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Visitation remains an option for people denied child custody

An unsuccessful bid for child custody in Virginia does not mean that the parent will never have access to their children. Parents often still have a good chance of gaining family court approval for a visitation schedule. Depending on the circumstances, visitation could allow for weekly or bi-weekly parenting time on one or two days a week. In addition, the parents could have the children on holidays or during summer vacation.

In cases where courts choose to limit access, parents might still qualify for supervised visits or virtual contact through video services like Skype. The reasons why a court might completely deny visitation include history of domestic violence, especially toward a child, a parent's previous failure to exercise visitation rights, cessation of contact with a child, termination of parental rights or abuse of drugs or alcohol.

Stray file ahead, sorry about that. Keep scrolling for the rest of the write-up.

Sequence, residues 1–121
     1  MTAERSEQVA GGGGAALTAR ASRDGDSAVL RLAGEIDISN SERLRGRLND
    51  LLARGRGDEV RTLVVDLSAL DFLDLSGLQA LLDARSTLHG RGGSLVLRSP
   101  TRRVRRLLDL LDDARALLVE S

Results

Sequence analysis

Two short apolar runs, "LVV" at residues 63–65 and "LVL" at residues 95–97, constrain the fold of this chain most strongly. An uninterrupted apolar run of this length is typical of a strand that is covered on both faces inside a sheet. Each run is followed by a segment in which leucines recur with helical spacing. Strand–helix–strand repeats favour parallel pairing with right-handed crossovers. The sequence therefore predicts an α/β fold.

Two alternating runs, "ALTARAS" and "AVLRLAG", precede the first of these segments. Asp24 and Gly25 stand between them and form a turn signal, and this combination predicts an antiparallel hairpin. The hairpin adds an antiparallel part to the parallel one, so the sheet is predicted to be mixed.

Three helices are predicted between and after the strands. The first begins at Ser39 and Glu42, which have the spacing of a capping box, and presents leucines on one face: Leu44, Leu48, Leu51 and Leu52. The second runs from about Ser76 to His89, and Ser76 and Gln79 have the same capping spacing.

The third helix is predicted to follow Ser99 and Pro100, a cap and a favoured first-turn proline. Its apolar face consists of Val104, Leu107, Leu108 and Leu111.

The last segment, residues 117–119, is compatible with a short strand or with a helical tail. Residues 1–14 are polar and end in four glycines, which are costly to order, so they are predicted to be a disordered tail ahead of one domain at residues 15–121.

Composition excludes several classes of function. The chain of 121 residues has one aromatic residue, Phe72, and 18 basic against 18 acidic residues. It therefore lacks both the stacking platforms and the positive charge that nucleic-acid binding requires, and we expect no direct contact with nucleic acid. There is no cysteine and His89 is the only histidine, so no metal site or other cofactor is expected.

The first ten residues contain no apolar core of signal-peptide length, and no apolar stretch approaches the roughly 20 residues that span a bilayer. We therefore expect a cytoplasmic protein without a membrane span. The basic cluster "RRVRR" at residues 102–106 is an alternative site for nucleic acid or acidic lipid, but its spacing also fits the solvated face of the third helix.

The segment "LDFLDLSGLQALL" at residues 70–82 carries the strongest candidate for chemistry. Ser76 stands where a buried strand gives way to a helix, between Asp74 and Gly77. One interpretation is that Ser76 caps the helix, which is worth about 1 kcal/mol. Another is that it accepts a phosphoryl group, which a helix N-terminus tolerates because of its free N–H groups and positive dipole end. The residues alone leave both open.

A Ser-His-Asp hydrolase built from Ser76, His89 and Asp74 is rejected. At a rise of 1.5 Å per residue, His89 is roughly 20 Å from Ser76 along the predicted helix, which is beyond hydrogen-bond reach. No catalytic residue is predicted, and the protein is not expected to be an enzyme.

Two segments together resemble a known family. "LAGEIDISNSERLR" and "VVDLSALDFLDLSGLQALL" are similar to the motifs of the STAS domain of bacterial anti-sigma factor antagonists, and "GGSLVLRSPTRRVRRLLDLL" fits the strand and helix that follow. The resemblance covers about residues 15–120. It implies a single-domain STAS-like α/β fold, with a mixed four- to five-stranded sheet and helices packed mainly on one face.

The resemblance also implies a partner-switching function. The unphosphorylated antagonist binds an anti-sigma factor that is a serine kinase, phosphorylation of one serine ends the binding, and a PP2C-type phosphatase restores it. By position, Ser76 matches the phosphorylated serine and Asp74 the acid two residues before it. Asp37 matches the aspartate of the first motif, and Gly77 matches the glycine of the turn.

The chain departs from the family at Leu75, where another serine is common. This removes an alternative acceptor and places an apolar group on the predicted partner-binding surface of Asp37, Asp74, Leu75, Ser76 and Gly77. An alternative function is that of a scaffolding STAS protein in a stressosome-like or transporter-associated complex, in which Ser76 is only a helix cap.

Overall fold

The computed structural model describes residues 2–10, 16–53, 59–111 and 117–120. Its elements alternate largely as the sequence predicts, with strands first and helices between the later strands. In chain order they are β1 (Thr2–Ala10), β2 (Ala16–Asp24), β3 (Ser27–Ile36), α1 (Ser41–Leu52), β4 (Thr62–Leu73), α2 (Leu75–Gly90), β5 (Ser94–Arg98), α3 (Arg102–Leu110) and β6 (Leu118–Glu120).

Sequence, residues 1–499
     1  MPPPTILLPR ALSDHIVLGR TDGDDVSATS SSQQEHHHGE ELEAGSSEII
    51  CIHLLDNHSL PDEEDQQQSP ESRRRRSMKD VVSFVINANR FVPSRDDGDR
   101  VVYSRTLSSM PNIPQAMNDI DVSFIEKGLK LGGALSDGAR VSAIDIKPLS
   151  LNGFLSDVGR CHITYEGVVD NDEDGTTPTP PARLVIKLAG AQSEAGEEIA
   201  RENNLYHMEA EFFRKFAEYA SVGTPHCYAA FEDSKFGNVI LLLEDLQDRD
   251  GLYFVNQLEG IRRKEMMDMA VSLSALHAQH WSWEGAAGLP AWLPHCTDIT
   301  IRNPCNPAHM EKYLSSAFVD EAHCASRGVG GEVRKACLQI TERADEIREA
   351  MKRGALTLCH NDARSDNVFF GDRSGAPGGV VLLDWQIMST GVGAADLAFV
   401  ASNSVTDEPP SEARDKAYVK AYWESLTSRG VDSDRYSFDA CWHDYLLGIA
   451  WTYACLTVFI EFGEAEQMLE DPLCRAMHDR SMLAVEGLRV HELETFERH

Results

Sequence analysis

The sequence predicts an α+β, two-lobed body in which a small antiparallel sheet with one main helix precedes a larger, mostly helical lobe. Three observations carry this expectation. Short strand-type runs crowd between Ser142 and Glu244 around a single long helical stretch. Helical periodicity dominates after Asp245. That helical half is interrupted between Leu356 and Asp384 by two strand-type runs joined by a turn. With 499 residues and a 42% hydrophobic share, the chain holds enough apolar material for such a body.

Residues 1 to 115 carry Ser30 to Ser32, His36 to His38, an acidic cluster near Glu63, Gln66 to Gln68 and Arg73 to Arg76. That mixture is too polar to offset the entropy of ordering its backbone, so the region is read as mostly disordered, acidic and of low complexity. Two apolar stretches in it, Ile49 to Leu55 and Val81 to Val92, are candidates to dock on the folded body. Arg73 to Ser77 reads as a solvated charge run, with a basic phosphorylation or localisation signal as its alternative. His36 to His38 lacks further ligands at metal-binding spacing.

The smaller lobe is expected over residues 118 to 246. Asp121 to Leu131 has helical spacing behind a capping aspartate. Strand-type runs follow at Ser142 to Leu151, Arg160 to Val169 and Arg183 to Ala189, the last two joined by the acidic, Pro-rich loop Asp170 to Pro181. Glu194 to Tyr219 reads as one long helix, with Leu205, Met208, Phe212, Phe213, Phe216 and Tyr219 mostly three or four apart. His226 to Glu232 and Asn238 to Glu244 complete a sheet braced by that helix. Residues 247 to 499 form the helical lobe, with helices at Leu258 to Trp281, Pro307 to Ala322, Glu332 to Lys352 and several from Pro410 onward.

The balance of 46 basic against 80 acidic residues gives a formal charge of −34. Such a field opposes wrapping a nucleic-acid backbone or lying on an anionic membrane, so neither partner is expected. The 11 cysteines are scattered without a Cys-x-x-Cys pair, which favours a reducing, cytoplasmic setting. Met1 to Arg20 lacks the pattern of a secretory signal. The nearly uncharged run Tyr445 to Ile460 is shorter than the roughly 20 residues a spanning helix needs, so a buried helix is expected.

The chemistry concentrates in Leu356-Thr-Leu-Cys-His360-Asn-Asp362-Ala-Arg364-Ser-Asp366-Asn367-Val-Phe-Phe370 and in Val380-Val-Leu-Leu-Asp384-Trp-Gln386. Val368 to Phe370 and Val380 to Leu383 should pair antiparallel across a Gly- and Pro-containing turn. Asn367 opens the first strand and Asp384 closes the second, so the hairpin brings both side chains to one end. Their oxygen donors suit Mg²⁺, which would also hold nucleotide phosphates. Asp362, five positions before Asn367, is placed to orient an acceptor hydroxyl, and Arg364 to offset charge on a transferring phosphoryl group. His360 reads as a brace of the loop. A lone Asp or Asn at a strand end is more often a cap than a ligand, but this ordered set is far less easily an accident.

A parent who wishes to overcome past problems and gain access to children could petition a court for the restoration of visitation rights or even custody. A family court might provide the parent with a plan. The completion of a parenting class, for example, could convince a judge to allow visits with children.

A parent confronted by questions regarding child custody or visitation might benefit from the representation of a divorce attorney. After learning about parental rights, one might be in a better position to negotiate a custody agreement with the other parent. If both parents agree to a shared custody plan, then an attorney could present the plan to a family court for approval. When challenges arise, an attorney might strive to solve problems by presenting information to a judge about a parent's relationship with a child.

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